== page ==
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The Challenges Of Payment Reform And Administrative Simplification



August 31st, 2011

As both a Canadian and an analyst who focuses on US healthcare, I have an abiding curiosity in comparisons between the US and Canadian systems, so it was with great interest that I read the recent Health Affairs article by Dante Morra and coauthors entitled “US Physician Practices Versus Canadians: Spending Nearly Four Times As Much Money Interacting With Payers”. This article outlined the difference in administrative costs experienced by physicians in America versus those in my home province of Ontario; the authors estimate that Ontario physicians spend only 27 percent of what physicians in the United States pay to interact with payers (or payer in the Canadian case). This is not altogether surprising – intuitively, one contract is easier to administer than many, especially if the contracts have differing parameters – but the authors do an excellent job of quantifying the difference between Canadian and US physicians and discussing its implications.

They also suggest that payment reforms, such as bundled payments and pay for performance, may increase administrative burdens for US physicians in the short run, and they highlight several ways in which administrative burdens can be reduced. As a policy analyst at the Integrated Healthcare Association (IHA), a small Californian organization that works on implementing cross-sector payment reforms, I would like to expand on this discussion with two examples: the first is IHA’s Bundled Episode Payment and Gainsharing Demonstration, which confirms the authors’ statement that payment reform can, in fact, increase administrative costs in the short run. The second is its statewide Pay for Performance Program, which is an example of how using a single quality measurement process can lower physicians’ administrative burdens.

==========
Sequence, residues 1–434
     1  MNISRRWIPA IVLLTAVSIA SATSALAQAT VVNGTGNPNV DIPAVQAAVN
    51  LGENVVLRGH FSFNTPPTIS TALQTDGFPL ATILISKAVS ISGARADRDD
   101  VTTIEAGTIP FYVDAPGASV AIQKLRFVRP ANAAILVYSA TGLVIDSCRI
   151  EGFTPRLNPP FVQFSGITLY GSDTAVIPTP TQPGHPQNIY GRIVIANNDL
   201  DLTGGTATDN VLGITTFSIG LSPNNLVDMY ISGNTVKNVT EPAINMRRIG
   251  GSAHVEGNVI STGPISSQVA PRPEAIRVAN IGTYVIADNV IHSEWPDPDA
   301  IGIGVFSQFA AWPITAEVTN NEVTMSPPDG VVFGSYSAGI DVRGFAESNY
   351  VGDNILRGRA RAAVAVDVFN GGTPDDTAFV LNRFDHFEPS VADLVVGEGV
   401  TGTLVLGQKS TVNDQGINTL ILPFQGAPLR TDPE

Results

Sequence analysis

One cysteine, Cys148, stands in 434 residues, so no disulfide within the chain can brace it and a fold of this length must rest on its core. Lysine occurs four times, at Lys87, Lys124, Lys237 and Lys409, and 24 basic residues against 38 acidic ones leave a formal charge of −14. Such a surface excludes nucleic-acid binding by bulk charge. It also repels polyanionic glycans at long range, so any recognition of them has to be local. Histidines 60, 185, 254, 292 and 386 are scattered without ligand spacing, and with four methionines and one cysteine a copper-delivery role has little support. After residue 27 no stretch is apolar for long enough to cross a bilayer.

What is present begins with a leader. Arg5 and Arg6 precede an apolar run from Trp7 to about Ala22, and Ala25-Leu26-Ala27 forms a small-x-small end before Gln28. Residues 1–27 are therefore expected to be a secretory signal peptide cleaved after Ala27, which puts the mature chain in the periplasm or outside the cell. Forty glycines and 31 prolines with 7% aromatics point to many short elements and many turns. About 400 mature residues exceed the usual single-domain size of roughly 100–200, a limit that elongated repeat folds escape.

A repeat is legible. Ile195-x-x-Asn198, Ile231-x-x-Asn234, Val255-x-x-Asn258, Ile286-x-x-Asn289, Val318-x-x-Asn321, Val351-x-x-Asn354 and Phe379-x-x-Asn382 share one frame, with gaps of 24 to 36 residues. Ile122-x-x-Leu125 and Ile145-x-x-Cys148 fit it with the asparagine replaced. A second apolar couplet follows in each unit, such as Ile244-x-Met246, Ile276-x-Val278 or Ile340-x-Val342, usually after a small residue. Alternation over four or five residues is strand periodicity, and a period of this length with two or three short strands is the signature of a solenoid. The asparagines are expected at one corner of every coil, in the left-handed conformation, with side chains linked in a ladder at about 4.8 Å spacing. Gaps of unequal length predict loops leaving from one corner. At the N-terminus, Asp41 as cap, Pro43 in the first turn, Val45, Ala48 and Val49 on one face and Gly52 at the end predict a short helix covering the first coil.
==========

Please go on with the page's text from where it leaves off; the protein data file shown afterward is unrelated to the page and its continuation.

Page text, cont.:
Increasing Short Run Administrative Burdens for Long Run Gains: IHA’s Bundled Episode Payment Pilot

IHA’s Bundled Episode Payment and Gainsharing Demonstration will implement and evaluate the effectiveness of bundled episode of care payments for a set of ten acute procedures, which currently include total knee replacement, cardiac catheterization with stents, and knee arthroscopy with meniscectomy. From an administrative perspective, bundled payments can represent significant, though not insurmountable, problems in the short run. These problems require health plans, hospitals, and physician groups to devote contracting, informatics, and administrative resources to implementation.

On the provider side, hospitals and physician groups must find ways to administer the allocation of a single sum of money, which many of them have never had to do before. On the health plan side, adjudication systems must be programmed to both group individual claims into a bundled price when appropriate, based on potentially complex patient inclusion and exclusion criteria, and avoid double-payment of claims that are billed erroneously. Demonstration participants are beginning to adopt novel software products for episode claims adjudication and payment that are coming on to the market, but there are many administrative issues that must still be addressed.

Despite the challenges, we believe that the potential benefits of bundled payment – increased coordination between providers, shared savings, and enhanced quality – outweigh the short-term administrative hurdles. Devoting the time needed to working these out now will allow us to both find viable solutions to current misaligned methods of payment, and to inform implementation in the rest of the nation as bundled payment becomes more common.

The Center for Medicare and Medicaid Innovation’s recently-announced Bundled Payments for Care Improvement Initiative should also help to focus provider attention on the administrative requirements for accepting and allocating bundled payments, and has the potential to spur the creation of administrative tools and standards which private-sector bundled payment initiatives can then adopt.

Decreasing Administrative Costs Through a Common Measurement Framework: The California Pay for Performance Program